spies, national security, espionage, counterterrorism, u.s. foreign policy, intelligence operations, CIA, special forces, counterterrorism, terrorism
Showing posts with label counterinsurgency. Show all posts
Showing posts with label counterinsurgency. Show all posts

Wednesday, March 6, 2013

Petraeus and His Police Advisors Tied to Iraq Death Squads, Torture

Former U.S. and Iraqi officials have implicated Gen. David Petraeus and his two top civilian police advisors in the operations of Shiite death squads and secret torture centers.

 “A 15-month investigation by the Guardian and BBC Arabic reveals how retired US colonel James Steele, a veteran of American proxy wars in El Salvador and Nicaragua, played a key role in training and overseeing US-funded special police commandos who ran a network of torture centers in Iraq,” the Guardian reported Wednesday in print and an hour-long video.

“Another special forces veteran, Colonel James Coffman, worked with Steele and reported directly to General David Petraeus, who had been sent into Iraq to organize the Iraqi security services,” the Guardian continued.

Jerry Burke, chief policy advisor to the Iraqi Ministry of Interior in 2003 and 2004, says in an on-camera interview that Petraeus, who went on to become the top American commander in Afghanistan and then CIA director before resigning in a sex scandal, “had to have known” that organized Shiite militias dominated the Iraqi police commando service. 

“He had to have known,” Burke says. “These things were discussed openly, whether in staff meetings or before or after staff meetings or general conversation.

Thursday, November 15, 2012

Broadwell's Petraeus Book Rushing to Paperback

Penquin Books is working overtime to rush out the paperback version of Paula Broadwell’s infamous biography, “All In: The Education of General David Petraeus,” according to an industry insider.

Hey, it’s a business.

Surely not far behind: A tell-all about her affair with the legendary ex-general. (“All Out”?)  After that, it's not hard to see a cable movie, even a talk show, advice column, beauty tips and TV commercials in her future.

What a great country.

And it would hardly be a surprise.

According to voluminous news reports, including today’s riveting Washington Post story on Broadwell’s dizzying accent through the capitol’s military and think-tank elites, the comely West Point grad and long distance jogger is quite the striver, shedding prevarications in her resume like so many candy wrappers.

Speaking of which, Penguin might consider editing her author’s bio on its web page.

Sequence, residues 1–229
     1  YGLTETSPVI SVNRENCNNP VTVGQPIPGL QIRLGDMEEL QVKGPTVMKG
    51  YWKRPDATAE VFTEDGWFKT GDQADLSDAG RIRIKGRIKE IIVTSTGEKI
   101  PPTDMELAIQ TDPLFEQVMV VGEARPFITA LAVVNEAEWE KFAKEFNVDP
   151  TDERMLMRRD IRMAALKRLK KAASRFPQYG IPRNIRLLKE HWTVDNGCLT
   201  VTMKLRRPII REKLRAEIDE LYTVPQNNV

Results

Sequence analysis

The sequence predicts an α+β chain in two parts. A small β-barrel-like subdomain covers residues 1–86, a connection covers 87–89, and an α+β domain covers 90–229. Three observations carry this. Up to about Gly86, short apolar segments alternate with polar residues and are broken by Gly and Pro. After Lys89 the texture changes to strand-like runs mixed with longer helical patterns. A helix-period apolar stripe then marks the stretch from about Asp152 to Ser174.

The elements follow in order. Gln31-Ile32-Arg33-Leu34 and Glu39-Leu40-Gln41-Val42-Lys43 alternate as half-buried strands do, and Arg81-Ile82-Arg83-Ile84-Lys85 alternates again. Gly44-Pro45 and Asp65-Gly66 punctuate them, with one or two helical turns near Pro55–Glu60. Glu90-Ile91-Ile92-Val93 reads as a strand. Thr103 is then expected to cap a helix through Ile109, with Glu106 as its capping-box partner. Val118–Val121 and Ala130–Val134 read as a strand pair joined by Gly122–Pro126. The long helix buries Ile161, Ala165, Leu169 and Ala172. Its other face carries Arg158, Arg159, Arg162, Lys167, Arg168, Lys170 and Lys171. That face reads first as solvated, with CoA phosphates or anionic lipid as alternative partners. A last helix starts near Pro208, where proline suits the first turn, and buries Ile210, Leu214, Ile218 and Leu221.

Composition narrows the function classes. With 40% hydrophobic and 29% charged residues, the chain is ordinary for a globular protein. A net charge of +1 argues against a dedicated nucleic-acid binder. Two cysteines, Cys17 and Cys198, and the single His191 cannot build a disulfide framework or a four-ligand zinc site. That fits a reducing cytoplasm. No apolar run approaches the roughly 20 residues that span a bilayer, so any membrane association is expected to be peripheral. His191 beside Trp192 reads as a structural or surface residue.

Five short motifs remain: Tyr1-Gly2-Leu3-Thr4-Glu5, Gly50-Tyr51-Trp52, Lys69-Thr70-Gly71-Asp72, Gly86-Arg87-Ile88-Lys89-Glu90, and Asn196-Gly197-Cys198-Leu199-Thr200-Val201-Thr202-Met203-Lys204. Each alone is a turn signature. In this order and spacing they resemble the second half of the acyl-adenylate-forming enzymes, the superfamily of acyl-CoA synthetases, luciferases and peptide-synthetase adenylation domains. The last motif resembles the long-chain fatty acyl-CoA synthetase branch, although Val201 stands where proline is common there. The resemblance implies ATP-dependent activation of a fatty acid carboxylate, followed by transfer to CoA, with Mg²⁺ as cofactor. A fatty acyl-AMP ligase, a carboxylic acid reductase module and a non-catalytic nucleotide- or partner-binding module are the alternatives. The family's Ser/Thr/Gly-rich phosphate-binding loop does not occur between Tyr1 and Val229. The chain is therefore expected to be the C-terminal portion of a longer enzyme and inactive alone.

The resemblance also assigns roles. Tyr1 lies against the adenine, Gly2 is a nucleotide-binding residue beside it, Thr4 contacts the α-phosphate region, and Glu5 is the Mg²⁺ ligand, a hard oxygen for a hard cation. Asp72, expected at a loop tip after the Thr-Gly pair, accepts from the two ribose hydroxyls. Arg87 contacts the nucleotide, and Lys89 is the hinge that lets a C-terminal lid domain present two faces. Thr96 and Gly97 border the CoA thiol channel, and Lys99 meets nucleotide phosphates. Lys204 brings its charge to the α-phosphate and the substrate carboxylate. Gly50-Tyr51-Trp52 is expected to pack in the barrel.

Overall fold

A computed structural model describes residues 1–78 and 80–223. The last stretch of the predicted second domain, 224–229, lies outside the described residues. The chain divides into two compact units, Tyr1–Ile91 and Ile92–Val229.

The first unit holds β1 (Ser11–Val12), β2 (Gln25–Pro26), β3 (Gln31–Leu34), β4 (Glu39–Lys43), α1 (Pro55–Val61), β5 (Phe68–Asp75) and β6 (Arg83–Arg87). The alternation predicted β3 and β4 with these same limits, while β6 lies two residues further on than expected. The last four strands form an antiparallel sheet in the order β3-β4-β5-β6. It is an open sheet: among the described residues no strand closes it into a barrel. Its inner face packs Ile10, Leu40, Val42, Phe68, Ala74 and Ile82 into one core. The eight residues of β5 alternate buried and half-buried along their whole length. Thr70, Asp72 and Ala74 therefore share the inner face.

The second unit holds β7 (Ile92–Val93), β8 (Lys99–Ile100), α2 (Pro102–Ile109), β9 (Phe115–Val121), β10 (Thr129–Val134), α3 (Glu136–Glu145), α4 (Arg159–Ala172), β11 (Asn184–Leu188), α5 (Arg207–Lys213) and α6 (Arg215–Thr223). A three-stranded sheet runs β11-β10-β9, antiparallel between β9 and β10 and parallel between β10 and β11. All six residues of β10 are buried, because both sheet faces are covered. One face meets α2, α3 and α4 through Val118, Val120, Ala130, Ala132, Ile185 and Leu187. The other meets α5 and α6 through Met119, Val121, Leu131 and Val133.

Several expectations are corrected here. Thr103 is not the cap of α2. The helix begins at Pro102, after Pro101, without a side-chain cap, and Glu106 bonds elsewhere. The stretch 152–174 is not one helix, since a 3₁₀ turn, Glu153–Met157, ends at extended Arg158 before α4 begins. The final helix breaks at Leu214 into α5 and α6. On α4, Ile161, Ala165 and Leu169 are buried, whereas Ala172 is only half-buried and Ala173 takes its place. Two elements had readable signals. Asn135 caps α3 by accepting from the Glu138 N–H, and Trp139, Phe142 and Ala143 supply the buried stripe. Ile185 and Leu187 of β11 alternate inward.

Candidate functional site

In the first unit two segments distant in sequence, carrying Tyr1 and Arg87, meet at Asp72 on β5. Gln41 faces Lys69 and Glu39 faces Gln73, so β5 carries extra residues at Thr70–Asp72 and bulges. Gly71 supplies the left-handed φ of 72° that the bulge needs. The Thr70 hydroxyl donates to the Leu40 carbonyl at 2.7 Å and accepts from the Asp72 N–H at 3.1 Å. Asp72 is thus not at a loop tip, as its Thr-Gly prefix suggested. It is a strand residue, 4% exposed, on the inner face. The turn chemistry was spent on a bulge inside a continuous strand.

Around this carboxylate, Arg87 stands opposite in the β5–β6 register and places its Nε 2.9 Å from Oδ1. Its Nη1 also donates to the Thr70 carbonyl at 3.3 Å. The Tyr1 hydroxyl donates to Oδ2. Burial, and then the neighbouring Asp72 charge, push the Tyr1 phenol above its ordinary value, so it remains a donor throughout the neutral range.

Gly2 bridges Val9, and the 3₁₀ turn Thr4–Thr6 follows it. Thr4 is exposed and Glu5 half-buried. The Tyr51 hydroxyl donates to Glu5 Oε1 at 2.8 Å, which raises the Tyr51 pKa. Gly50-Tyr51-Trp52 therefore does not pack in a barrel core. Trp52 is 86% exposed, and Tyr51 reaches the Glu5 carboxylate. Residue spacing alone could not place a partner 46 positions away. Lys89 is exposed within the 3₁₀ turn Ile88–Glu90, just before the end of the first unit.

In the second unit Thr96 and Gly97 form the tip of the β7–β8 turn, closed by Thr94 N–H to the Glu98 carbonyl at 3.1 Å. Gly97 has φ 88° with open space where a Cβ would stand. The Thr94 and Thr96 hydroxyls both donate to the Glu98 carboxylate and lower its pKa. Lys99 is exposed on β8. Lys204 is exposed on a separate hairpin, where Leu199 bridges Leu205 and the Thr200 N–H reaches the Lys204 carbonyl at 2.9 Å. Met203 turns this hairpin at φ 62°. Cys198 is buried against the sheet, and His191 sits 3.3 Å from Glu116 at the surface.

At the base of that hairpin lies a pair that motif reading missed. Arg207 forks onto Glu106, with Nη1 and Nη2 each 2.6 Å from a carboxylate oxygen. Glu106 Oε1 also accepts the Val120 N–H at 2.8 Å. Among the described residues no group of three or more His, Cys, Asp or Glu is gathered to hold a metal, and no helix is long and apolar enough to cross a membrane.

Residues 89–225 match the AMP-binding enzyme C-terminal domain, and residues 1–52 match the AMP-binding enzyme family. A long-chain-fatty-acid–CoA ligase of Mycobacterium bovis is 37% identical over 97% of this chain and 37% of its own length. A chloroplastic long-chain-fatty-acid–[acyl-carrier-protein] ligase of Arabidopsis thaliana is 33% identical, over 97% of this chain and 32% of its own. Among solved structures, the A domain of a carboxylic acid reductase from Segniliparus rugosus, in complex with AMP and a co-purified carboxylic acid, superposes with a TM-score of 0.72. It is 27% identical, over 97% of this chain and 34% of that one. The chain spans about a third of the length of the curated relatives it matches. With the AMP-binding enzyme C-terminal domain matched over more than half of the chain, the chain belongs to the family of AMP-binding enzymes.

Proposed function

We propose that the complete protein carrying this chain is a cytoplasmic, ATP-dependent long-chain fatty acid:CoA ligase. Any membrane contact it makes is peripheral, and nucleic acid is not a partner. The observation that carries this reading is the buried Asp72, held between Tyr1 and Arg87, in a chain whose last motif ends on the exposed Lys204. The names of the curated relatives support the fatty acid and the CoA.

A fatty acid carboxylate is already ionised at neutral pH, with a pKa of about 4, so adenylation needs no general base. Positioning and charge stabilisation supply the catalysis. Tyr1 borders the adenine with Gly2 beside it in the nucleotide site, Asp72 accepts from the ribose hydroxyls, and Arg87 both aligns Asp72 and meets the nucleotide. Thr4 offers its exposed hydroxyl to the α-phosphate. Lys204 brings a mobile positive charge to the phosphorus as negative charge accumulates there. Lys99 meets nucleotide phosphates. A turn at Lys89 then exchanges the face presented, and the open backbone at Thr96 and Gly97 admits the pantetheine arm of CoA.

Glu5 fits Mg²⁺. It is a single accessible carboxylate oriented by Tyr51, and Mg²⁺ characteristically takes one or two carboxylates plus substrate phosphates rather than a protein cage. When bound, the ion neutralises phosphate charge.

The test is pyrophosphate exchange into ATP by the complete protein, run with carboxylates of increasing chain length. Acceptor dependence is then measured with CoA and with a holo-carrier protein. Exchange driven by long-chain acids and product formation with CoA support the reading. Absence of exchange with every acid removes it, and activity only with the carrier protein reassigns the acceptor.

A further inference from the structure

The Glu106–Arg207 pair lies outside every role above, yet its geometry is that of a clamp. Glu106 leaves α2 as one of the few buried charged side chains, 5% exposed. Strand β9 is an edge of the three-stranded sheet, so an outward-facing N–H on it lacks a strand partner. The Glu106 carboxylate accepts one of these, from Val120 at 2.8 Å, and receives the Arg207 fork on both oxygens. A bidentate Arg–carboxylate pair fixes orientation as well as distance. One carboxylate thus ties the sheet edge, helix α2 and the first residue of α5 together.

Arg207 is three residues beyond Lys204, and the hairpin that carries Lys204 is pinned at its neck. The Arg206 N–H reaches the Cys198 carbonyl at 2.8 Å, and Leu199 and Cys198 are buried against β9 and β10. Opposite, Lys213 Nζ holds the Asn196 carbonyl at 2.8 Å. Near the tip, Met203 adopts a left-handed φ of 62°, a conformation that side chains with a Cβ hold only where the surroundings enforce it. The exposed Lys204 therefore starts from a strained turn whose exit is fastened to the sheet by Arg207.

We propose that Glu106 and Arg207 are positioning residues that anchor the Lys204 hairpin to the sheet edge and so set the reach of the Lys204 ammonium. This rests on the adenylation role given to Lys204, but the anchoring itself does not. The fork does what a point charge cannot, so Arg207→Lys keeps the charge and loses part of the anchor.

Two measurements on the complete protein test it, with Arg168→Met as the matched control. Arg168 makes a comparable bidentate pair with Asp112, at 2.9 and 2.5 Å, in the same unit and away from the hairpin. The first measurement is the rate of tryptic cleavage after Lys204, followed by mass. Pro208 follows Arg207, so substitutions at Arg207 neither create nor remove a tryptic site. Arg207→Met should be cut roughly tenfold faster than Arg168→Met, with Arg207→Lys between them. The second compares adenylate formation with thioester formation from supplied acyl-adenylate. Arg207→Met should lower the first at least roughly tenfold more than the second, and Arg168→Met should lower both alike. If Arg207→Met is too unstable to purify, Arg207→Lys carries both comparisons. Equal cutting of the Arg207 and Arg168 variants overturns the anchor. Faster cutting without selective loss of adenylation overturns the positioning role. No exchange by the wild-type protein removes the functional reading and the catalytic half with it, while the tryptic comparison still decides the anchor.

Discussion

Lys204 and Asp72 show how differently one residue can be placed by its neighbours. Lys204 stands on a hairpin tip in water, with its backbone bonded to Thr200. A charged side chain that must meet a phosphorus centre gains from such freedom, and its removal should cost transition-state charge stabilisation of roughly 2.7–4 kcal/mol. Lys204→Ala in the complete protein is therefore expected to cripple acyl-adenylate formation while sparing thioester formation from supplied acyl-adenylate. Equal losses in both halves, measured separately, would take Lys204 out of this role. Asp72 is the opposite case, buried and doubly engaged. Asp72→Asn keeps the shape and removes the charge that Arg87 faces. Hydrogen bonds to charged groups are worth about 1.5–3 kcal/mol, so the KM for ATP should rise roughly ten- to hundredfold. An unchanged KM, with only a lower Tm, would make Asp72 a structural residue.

Monday, October 24, 2011

Tinker, Tailor, Soldier, Dad: William Colby

A son's search for the real man behind his father's mask is as old as Greece.
But in "The Man Nobody Knew," a much praised documentary about his father, William Colby's son Carl faced a extra challenge: piercing the shield of a lifetime spy.
The film opens Friday in Washington, DC. Read my take on it here.

Wednesday, June 29, 2011

CIA's Fatal Welcome Mat for Triple Agent Recounted

Perhaps the most riveting passage in the second installment of Joby Warrick’s new book on the tragic deaths of seven CIA personnel in Afghanistan 18 months ago is his description of the triple agent’s last 100 yards into the base at Khost.

The ease with which Humam al-Balawi persuaded the CIA to let him onto the base without being patted down has been much remarked upon -- and criticized -- by veteran operatives who blamed CIA management for letting someone with no field experience run the operation.

“Traditionally, the CIA's station chiefs, or top agency officer in a country, and its base chiefs, deployed in outlying offices, were veteran case officers, or seasoned spy handlers,” I wrote in my Washington Post column about four months after the fatalities. 

“But under a series of CIA directors starting in the mid-1990s, that began to change. Career intelligence analysts, like John O. Brennan, now President Obama's deputy national security adviser for homeland security and counterterrorism, who was station chief in Saudi Arabia from 1996 to 1999, were increasingly deployed to field positions.”

And so it was that CIA base chief Jessica Matthews, apparently discarding misgivings by more veteran operatives, planned to welcome Balawi with big smiles and a cake.  She assembled her team in the gravel yard in front their building as the car carrying the treacherous agent approached on Dec. 30, 2009.

Thursday, June 2, 2011

In Search of Counterterrorism Heroes

The Greek poets would not have approved of all the unseemly cheering over U.S. Navy SEALs slaying Osama Bin Laden. Indeed they would have devised a tragic end for officials who gloried in it.
For why it's so hard to find real heroes in the war on terror--and why officials make up stories to fill in the gaps--read my piece in the new issue of BookForum, here.

Tuesday, May 24, 2011

Military Intelligence Lacks Skills for Counterinsurgency, DoD Study Says

Once again, the quality of war-zone military intelligence is taking a beating. And again, it's from the inside.

According to a recent new Defense Department study that surfaced today, military intelligence agencies are still poorly equipped to cope with their counterinsurgency mission nearly a decade after U.S. forces chased the Taliban from power in Afghanistan.

Among other problems, “the defense intelligence community does not have the foreign language and culture depth and breadth necessary to plan and support COIN operations," the February 2011 Defense Science Board study said.

Intelligence gathered by scientific and technical means--satellites, sensors and the like, where commanders get most of their information on the insurgents--cannot make up for deficiencies in human intelligence, the study suggested.